Sentiers du Patrimoine ®

Le Bellay-en-Vexin

La ferme de l’Hôtel-Dieu

Informations directionnelles

Laisser l’église derrière vous, prendre à gauche et longer le mur de la ferme. Tourner à gauche, passer devant l’entrée de la ferme, puis prendre le premier chemin à gauche. Longer la clôture jusqu’à l’emplacement de la table de lecture des paysages.

Prochain point : Table de lecture des paysages

Prochain point : lat="49.15262" lon="1.88863"

Central to village life



A manor farm…

Village lore has it that Hôtel-Dieu farm was a convent in the Middle Ages. But the very first known traces point to it having always been a manor farm. It belonged to the very powerful Montmorency family and then the Luynes family. In 1666, the Duke of Luynes sold the property to the Hôtel-Dieu de Paris, from which it derives its name. The sale covered “the manor house and its outbuildings, stables, cellars, dovecote and 420 arpents of tillable land, as well as all feudal rights”. This converts to 105 hectares (259 acres), plus the outbuildings, woods, meadows and heath.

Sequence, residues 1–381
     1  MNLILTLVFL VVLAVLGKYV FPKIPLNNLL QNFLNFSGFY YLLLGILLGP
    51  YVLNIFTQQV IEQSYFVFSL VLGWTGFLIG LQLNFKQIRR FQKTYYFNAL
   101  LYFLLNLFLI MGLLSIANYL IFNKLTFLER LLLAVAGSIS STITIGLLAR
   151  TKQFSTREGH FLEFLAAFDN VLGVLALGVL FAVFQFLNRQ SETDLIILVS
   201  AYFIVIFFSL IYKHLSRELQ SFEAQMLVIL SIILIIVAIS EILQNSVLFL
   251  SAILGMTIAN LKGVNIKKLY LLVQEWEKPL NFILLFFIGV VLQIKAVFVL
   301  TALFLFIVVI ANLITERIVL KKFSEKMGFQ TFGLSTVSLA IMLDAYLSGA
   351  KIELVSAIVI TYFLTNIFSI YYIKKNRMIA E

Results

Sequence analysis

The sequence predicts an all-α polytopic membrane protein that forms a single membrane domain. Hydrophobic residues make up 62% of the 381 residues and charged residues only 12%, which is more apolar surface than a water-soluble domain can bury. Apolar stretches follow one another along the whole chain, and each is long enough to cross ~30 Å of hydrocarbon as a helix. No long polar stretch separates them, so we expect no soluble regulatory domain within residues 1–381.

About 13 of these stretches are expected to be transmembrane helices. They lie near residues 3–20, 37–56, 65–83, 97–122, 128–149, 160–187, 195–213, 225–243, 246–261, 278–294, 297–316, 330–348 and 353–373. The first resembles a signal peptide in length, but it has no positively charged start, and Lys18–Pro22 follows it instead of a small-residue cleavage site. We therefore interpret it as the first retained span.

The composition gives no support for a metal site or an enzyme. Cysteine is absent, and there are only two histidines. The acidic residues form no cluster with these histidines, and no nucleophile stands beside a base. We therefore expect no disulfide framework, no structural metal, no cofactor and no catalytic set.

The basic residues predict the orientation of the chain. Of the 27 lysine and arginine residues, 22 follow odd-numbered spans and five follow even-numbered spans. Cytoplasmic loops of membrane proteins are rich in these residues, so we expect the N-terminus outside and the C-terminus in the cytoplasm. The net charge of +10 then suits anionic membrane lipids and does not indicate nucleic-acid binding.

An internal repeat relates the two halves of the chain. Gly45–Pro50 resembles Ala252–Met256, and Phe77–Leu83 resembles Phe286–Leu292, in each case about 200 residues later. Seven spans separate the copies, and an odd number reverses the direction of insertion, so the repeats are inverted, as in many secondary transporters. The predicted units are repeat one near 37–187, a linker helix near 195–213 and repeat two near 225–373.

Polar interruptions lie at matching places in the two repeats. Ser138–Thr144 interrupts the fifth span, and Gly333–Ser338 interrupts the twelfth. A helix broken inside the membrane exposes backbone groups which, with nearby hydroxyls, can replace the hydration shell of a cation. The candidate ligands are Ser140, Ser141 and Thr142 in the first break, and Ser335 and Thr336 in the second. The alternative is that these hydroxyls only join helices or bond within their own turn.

…in the traditional architectural style of the Vexin region

The farm consists of a group of buildings with dwellings and farm buildings set around a large rectangular courtyard. In the past, the courtyard was enclosed by buildings to the south. The oldest features date back to the 16th century: the large carriage entrance and porch roofed with flat tiles, the turret and lodge with a mullioned window letting the light through from the church square side, which is typical of the architecture of the period.
The turret with its dovecote is one of the stand-out features of Hôtel-Dieu farm.. Octagonal in shape, the top part of the turret is ringed with decorative sculpted leaves and gargoyles of fantastic beasts. The dovecote with its inside wall covered all over with nesting holes was classed as a historical monument in 1913. It sits atop the turret under the roof.
Two quarry-stone cart houses back onto the road. Above them on the courtyard side are half-timbered barns with corbelled roofs built in the 18th century, most likely on a base built in the 16th century.

by Expression Nomade